When someone says a birthday celebration at work would trigger distress, employers might want to put away the cake and balloons.

A Kentucky man was awarded $450,000 after he sued over a series of events that started when he told his supervisor he didn’t want a birthday celebration at work.

According to news reports, a supervisor at Gravity Diagnostics forgot to pass his request on, the party happened and a panic attack ensued. In the lawsuit, Kevin Berling said he’d warned his supervisor that he suffers from anxiety and a party would bring back distressing memories of his parents’ divorce.

According to Fortune magazine, Berling had a panic attack over it on his Aug. 7, 2019 birthday and was so upset he went to his car to finish his lunch. “A day after the surprise party, Berling was called into a meeting to discuss his reaction. He said he was ‘criticized’ for the way he acted and this ‘confrontation triggered another panic attack.’”

Berling’s attorney, Tony Bucher, described the meeting in an interview with Link NKY, a northern Kentucky news website. Berling said one of his superiors “started reading him the riot act and accused him of stealing other coworkers’ joy,” Bucher said.

The lawyer said when Berling started employing coping techniques he’d learned in therapy, he was asked to stop. His company sent him home and told him not to come back for a few days. Later that week, he was fired by email. His company gave fear he would become violent as the reason for his dismissal.

“The company claimed they were worried about Berling being angry and possibly violent,” Bucher said, though Berling had no history of violence. Basically, the company fired him for having a panic attack, Bucher told Link NYK. “They made assumptions that he was dangerous based off his disability and not off of any evidence that he was violent.”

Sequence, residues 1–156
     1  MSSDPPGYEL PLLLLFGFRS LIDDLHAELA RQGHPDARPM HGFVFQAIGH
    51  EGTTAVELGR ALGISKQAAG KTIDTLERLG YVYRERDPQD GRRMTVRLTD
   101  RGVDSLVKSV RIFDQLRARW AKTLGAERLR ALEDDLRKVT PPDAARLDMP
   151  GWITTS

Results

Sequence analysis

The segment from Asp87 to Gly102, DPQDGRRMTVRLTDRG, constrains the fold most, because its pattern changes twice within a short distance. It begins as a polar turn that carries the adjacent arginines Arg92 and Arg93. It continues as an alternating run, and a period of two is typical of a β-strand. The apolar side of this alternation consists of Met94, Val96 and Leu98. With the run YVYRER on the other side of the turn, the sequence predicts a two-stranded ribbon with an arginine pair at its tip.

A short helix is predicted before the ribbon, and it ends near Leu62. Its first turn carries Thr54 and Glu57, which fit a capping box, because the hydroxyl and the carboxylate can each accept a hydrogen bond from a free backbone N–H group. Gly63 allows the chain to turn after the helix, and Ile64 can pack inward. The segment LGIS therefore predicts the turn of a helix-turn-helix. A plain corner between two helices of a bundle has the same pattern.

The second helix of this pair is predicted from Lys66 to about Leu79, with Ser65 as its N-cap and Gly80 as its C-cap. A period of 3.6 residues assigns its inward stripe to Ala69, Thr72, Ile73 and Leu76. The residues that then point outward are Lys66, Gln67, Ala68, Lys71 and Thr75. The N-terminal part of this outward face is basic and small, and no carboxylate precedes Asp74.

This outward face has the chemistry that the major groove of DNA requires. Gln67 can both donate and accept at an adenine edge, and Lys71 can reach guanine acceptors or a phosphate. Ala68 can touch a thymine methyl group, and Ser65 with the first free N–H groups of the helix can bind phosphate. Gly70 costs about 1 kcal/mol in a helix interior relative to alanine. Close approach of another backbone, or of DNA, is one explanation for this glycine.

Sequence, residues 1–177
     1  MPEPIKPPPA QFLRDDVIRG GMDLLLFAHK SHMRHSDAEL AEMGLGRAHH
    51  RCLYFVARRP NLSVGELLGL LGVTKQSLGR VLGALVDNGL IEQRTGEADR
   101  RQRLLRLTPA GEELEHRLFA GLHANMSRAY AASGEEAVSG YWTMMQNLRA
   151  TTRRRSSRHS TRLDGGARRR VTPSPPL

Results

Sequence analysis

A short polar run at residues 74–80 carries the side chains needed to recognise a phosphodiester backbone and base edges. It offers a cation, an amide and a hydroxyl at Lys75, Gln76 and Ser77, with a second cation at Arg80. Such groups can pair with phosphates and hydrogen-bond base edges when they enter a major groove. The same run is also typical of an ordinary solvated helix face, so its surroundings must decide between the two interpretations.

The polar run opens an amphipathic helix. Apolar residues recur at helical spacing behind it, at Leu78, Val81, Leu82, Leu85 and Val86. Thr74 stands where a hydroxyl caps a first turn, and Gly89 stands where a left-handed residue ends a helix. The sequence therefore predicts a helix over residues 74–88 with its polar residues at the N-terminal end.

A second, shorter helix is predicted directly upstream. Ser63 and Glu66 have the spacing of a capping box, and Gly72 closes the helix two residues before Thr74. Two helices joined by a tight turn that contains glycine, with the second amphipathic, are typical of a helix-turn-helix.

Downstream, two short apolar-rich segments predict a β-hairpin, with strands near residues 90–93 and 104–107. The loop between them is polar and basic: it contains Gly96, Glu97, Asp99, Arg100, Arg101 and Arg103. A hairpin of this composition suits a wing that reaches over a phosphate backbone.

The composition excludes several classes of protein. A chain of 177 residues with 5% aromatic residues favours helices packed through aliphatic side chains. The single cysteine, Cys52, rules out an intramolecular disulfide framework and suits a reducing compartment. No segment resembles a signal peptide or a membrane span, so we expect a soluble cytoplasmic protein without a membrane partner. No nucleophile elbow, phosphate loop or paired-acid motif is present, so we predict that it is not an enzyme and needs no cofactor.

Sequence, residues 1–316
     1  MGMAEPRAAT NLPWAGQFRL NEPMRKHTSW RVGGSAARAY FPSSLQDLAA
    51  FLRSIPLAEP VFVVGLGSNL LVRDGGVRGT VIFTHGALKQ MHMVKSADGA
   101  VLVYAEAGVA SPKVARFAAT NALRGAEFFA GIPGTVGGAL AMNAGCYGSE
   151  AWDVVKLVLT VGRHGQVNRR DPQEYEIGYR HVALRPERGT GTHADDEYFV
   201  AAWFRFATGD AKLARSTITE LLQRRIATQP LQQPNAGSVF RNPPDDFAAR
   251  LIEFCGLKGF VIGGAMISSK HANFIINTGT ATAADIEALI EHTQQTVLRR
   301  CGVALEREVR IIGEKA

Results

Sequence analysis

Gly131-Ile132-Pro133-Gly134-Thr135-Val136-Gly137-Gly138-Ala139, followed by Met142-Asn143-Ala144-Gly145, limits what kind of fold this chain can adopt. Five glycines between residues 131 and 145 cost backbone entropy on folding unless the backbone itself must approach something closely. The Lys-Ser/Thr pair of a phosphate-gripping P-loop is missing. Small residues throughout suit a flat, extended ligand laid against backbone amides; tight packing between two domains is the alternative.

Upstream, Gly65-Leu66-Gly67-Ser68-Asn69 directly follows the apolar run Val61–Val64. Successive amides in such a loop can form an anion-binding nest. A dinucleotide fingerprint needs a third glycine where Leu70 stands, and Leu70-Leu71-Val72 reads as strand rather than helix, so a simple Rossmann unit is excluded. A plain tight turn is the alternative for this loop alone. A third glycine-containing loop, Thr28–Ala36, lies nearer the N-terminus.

Berling sued for disability discrimination.

During the two-day trial last month, the jury awarded Berling $300,000 for emotional distress and $150,000 for lost wages.

The New York Times reported Monday that the judge has not yet entered a judgment regarding the verdict, which was reached in late March. And it noted that a lawyer for Gravity Diagnostics, John Maley, said the company planned to file post-trial motions challenging the verdict. Maley said Berling had not told the company about his anxiety disorder and “had not met the legal threshold to qualify as having a disability.”

According to that article, “Mr. Maley said that the company had the right to fire Mr. Berling — a lab technician whose employment status was at-will, meaning he could be fired for any legal reason — because he had clenched his fists, his face had turned red and he had ordered his supervisors to be quiet in the meeting, scaring them.”

Berling’s lawyer countered that he closed his fists as part of a calming technique he’d learned and placed them in a semi-hugging position against his own chest.

According to the Anxiety & Depression Association of America, anxiety disorders are the most common mental illness in America, affecting 40 million adults. The organization says anxiety disorders arise from complex risk factors that include “genetics, brain chemistry, personality and life events.”

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